The Santa Fe Taco Trail

Photography: José R. Ralat

Eloisa’s pastrami tacos

There are state-sanctioned roadmaps for New Mexico’s green chile burgers and breakfast burritos. They are points of pride, and going Christmas-style on the breakfast burrito at Tia Sophia’s Restaurant, considered the home of the tortilla-wrapped morning behemoth, is proof enough. No such document exists for The Land of Enchantment’s tacos. But they are just as worthy of recognition as any of New Mexico’s signature foods. That’s what I realized during a trip to Santa Fe last week for the Santa Fe Wine & Chile Fiesta. Indeed, nearly all the Santa Feans I spoke with while visiting the city raved about their city’s tacos. I took their advice and hit the trail for Santa Fe tacos, beginning with the most recommended of the bunch.

The chicken guacamole taco at El Parasol.

The chicken guacamole taco at El Parasol.

El Parasol

Mention tacos, and Santa Feans enthusiastically ask if you’ve been to El Parasol for the chicken guacamole. After tasting it myself, I understand why. Rich stewed chicken is folded into a corn tortilla and then gets crisped up on the flattop until it’s this side of crunchy. A cool dollop of guacamole, lettuce, and tomato are added before the shimmering yellow parcel is wrapped, bagged, and handed over the counter to the customer to go. (There isn’t much in the way of seating at the nearly 60-year-old restaurant.) The chicken guacamole taco is Santa Fe’s tacos. Equally as good is the beef, which, unlike its treatment in the standard crunchy taco, is served shredded. 1833 Cerrillos Road, 505.995.8015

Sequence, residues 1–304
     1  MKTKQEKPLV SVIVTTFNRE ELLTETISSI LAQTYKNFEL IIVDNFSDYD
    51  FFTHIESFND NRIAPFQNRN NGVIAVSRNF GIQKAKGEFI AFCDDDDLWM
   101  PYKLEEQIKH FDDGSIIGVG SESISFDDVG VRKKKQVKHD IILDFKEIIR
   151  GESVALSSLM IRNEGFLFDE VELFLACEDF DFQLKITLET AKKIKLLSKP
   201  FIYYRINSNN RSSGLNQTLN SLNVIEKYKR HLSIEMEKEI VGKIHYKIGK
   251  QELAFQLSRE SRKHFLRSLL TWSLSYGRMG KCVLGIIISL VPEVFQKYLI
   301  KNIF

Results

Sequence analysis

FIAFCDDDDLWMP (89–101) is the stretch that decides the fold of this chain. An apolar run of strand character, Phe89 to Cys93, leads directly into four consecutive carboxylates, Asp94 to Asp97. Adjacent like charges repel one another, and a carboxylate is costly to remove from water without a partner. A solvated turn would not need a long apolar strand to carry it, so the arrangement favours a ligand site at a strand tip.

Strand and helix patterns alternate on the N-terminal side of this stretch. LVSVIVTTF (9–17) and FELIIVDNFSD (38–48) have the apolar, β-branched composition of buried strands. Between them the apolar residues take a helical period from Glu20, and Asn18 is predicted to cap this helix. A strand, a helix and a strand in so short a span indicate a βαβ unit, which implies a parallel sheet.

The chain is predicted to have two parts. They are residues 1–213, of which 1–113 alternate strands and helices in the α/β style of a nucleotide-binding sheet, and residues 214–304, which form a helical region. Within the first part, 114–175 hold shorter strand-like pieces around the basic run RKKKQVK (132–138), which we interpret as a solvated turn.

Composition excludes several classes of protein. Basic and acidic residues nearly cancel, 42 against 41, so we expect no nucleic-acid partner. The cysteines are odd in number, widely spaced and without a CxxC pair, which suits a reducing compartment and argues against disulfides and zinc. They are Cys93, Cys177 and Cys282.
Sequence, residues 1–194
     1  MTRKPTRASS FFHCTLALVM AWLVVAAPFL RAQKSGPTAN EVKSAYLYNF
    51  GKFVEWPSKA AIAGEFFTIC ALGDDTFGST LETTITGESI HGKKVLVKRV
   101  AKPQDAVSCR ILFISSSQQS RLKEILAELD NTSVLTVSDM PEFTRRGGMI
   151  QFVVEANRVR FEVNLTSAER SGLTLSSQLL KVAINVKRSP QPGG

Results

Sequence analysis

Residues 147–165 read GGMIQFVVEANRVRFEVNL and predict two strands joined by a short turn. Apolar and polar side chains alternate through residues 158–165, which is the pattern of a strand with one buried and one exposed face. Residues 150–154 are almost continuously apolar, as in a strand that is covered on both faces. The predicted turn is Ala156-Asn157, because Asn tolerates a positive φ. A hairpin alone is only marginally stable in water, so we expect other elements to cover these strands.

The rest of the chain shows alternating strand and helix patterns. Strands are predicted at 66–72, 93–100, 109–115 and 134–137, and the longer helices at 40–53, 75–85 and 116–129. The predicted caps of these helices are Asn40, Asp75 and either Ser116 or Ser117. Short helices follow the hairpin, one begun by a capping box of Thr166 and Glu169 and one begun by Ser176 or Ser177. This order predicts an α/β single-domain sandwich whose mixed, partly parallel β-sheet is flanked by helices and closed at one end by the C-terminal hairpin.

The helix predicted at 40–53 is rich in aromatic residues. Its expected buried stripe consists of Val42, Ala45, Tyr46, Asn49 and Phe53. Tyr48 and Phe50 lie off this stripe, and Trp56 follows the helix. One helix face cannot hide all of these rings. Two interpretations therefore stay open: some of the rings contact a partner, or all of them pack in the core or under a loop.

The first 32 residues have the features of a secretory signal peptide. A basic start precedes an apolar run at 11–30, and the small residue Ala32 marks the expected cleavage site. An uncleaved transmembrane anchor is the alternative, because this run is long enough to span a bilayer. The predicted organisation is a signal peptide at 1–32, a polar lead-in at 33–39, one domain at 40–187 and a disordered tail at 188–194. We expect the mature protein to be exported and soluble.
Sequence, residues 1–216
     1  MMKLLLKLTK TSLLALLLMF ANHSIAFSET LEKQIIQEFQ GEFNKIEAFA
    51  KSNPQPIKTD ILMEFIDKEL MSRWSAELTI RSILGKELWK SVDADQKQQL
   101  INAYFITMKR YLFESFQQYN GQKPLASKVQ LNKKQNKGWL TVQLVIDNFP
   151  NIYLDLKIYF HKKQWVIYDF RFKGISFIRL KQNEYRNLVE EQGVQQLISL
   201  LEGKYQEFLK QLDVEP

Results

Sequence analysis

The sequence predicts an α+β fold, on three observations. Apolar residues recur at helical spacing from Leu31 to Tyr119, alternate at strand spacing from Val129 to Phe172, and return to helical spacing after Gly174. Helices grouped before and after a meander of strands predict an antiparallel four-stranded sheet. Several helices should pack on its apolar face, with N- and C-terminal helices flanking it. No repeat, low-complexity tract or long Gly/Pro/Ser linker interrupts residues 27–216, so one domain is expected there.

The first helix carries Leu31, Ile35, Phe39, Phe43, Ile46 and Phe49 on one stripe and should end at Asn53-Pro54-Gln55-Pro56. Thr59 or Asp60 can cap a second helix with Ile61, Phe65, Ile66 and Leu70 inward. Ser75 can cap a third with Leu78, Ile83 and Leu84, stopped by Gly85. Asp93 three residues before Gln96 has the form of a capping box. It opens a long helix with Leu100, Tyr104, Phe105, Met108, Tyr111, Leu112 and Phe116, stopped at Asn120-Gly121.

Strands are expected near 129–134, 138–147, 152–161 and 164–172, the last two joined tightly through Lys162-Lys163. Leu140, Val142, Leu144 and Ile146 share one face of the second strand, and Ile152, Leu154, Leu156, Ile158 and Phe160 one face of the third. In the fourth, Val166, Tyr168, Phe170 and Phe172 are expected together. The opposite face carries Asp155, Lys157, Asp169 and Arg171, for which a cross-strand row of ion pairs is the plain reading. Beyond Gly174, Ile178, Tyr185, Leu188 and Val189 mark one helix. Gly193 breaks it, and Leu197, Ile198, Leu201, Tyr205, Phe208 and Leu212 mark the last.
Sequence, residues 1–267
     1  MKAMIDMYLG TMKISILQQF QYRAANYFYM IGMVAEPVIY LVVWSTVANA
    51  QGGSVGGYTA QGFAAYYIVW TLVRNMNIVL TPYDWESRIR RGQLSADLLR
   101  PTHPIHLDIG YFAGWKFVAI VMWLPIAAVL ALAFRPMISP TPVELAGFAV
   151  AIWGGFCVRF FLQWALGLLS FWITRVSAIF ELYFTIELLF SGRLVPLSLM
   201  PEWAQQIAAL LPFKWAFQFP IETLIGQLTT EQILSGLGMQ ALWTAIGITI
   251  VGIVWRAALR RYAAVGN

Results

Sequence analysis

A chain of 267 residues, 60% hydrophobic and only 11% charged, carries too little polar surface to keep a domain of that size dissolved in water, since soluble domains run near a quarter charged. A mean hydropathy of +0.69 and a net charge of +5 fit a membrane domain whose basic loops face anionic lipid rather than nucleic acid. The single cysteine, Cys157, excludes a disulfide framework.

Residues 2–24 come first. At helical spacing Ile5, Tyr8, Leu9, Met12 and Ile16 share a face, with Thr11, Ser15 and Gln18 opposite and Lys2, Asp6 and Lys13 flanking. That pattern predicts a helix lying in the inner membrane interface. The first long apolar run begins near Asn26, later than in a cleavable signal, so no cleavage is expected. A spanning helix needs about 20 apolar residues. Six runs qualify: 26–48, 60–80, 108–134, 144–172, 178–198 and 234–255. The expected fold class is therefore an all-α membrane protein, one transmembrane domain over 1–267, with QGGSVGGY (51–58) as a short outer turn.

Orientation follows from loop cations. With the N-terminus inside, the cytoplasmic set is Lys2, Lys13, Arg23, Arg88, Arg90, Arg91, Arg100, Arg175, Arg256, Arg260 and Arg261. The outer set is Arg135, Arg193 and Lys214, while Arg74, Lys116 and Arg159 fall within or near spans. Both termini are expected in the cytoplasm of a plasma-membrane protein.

El Chile Toreado's barbacoa taco.